Letter - January 2018





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Passing the Baton

It has been almost ten years since the world economy experienced the Great Recession and the financial crisis of 2007-2008. For most of that time, US GDP has grown at a sub-par rate of 2%. This was despite the monetary stimulus of historically low interest rates provided by banks world-wide. The recovery has been durable but anemic according to the record books.

Since the election of Donald Trump, markets have anticipated a passing of the baton from monetary stimulus (low and even negative interest rates) to regulatory relief and fiscal stimulus by way of tax cuts. For the first time since the recession GDP registered in 2017 growth of 3% for two consecutive quarters. This was a huge increase from 2%, amounting to a 50% increase in economic growth.

World growth is also accelerating. The IMF has raised its estimate for 2018 to 3.7%. China refuses to blow up despite its high level of debt. Growth in Europe is increasing, Brexit aside. Even Brazil, entangled in incredible corruption, is growing again. Some of that increased activity feeds back into the US economy. For now the world economy is experiencing a virtuous cycle of growth. One could say that what could go right has gone right.

Corporations, workers and investors are delighted. Business looks for increasing profits and repatriated cash which they can plow back into capital expenditures and investment. This, it is anticipated, enhances the prospect for long-term growth. The unemployment rate at 4.1% makes workers feel more secure in their jobs, hopeful for rising wages, and has started to coax back into the workforce labor that had previously given up looking for work. Investors, ecstatic at the prospect of higher corporate earnings and dividends, have bid up the price of stocks to an extent which has caught just about everyone by surprise.

It was a remarkable year, 2017, in that nothing seemed to hold the stock market back. Geopolitical hot spots and risks such as North Korea, China, Russia and the Middle East were ignored by investors. The rumble room which is Washington barely registered. Frankly, we are puzzled and remain fearful of risks. As Donald Rumsfeld would say, it seems that investors only discount the known unknowns and not the unknown unknowns.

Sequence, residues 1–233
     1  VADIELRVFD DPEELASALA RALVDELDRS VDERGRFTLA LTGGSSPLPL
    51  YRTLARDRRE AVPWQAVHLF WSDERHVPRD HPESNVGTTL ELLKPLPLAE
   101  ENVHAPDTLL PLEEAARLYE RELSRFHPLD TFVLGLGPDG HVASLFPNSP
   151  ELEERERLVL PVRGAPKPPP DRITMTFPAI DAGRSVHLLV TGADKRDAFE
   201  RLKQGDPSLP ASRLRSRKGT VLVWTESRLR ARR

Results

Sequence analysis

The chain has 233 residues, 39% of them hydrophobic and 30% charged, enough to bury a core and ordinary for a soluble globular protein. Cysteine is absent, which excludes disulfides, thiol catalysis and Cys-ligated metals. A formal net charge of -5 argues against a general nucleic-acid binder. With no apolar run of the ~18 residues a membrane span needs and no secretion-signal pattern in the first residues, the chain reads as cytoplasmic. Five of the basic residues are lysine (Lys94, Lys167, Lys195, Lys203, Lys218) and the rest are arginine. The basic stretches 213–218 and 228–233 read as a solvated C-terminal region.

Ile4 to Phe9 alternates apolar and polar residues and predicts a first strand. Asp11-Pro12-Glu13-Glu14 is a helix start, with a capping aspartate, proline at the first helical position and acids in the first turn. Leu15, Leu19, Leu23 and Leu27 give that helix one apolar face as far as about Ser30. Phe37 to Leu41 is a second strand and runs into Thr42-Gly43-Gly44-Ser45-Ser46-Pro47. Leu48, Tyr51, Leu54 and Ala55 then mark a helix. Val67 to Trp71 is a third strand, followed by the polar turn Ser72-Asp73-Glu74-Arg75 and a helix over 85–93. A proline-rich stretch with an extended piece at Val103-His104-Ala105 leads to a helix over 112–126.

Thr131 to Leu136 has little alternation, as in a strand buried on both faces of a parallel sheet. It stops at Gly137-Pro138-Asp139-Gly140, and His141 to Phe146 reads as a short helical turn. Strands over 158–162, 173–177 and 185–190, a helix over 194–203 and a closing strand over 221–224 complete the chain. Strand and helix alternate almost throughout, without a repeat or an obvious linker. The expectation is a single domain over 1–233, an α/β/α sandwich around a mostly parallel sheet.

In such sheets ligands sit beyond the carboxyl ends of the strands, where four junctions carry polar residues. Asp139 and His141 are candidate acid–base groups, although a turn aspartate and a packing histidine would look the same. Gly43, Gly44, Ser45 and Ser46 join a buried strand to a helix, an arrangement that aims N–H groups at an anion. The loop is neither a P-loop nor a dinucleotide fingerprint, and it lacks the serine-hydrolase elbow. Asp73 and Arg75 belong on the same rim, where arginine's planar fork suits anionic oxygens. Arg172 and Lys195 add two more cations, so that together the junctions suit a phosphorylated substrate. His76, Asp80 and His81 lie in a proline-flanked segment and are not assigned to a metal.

The stock market remains, by historical measures, highly valued. We note that it can remain richly valued for an extended period. In 1996, Alan Greenspan, then Fed chairman, spoke of high stock market valuations, calling them a case of "irrational exuberance." The market rallied for an additional four years. Nonetheless, we are cautious for the sake of prudence, maintaining a target cash position of 20%. Among our holdings we remain well positioned to reap the benefit of an expanding world economy, with investments in manufacturing, steel, energy, railroads, technology and gold mining stocks (a resurgence of inflation).

To-date, the Fed has been successful in shifting away from the monetary stimulus of low interest rates as the administration and Congress adopt the fiscal stimulus of tax cuts and proposed infrastructure spending So far so good, though the road ahead continues to be challenging. Will the Fed raise interest rates too quickly, causing a slowdown in growth, maybe causing a recession? Will the economy overheat as it reaches full employment, causing a spike in inflation? Will resurgent growth prove to be a short-term phenomenon, a sugar high fed by deficit spending? Do politics ever matter to the stock market?

Markets word-wide have been rising with investors exhibiting a calm complacency. There is no sign of recession. Pundits predict the market in 2018 will look a lot like 2017. There is even talk of a "melt-up" in prices, a final burst of euphoria. Could be, but we aren't inclined to bet the ranch.


Tom Herzig



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